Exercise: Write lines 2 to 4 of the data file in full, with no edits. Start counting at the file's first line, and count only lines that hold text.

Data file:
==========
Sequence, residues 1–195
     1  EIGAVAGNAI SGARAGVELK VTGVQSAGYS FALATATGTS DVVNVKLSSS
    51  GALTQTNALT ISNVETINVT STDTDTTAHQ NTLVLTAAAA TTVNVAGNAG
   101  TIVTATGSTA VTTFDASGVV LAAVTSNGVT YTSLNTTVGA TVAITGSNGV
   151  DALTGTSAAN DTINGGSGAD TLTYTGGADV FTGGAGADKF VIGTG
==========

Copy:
     1  EIGAVAGNAI SGARAGVELK VTGVQSAGYS FALATATGTS DVVNVKLSSS
    51  GALTQTNALT ISNVETINVT STDTDTTAHQ NTLVLTAAAA TTVNVAGNAG
   101  TIVTATGSTA VTTFDASGVV LAAVTSNGVT YTSLNTTVGA TVAITGSNGV